In my Garrison Center column today, I write that the Forward Party's specific policy proposals (so far) -- Ranked-Choice Voting, Nonpartisan Primaries, and Independent Redistricting Commissions -- are at, not beyond, the edge of the ... Overton Window: Good ideas that most people like but that the 'major' parties refuse to touch."
Here, I'm going to walk that back just a little bit on the subject of "Nonpartisan Primaries."
Forward's proposal amounts to "jungle primaries," using Ranked-Choice Voting, with the "top 5" proceeding to the general election.
One minor problem I have with that is that parties shouldn't be able to choose their own nominees. But IMO that is a minor problem, because there's no reason that parties couldn't endorse/promote/fund their chosen (by whatever process they like) candidates ... and if it's a nonpartisan primary, there's no reason why party labels should appear on the ballots, right? It's just a matter of Party X endorsing/promoting/funding only one candidate and doing so without the government assistance of a proprietary ballot line.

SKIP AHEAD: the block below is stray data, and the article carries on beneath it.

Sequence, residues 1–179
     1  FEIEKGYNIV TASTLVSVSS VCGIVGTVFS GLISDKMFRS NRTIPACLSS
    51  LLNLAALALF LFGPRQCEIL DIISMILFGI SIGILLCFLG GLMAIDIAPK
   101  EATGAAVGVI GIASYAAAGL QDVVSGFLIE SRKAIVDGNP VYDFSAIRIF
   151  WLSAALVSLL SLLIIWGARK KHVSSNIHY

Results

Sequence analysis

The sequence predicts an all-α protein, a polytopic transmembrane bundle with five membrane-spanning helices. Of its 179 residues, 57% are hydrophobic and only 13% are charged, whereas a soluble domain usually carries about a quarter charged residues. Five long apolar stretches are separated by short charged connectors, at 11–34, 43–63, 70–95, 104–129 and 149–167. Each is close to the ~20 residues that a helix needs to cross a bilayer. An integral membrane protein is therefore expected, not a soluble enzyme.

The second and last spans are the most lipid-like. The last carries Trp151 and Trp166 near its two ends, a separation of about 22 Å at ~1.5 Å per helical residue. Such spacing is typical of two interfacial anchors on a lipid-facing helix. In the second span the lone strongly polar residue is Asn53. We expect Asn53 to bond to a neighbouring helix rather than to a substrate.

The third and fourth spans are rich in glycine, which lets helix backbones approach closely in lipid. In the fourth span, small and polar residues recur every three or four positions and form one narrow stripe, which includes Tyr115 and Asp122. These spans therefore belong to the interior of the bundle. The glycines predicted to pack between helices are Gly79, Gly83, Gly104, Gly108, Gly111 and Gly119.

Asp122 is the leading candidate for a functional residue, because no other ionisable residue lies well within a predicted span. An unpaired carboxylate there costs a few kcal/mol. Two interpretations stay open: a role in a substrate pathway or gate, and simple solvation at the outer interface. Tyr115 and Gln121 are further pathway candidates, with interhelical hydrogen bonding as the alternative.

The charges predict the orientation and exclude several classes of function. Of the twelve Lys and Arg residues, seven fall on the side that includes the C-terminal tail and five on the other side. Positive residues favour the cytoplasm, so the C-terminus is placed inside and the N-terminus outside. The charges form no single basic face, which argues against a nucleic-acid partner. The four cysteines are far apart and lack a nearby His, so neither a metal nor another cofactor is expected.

My more major problem is this:
If it's going to be Ranked-Choice voting, why is a "primary" necessary at all? Just proceed directly to the general election, with all constitutionally/legally qualified candidates on the ballot, and have done with it.
One of the selling points of Ranked-Choice voting is that it's an "instant runoff" system with no second election necessary if nobody gets a majority. Why nullify that selling point by having two elections when one would be enough?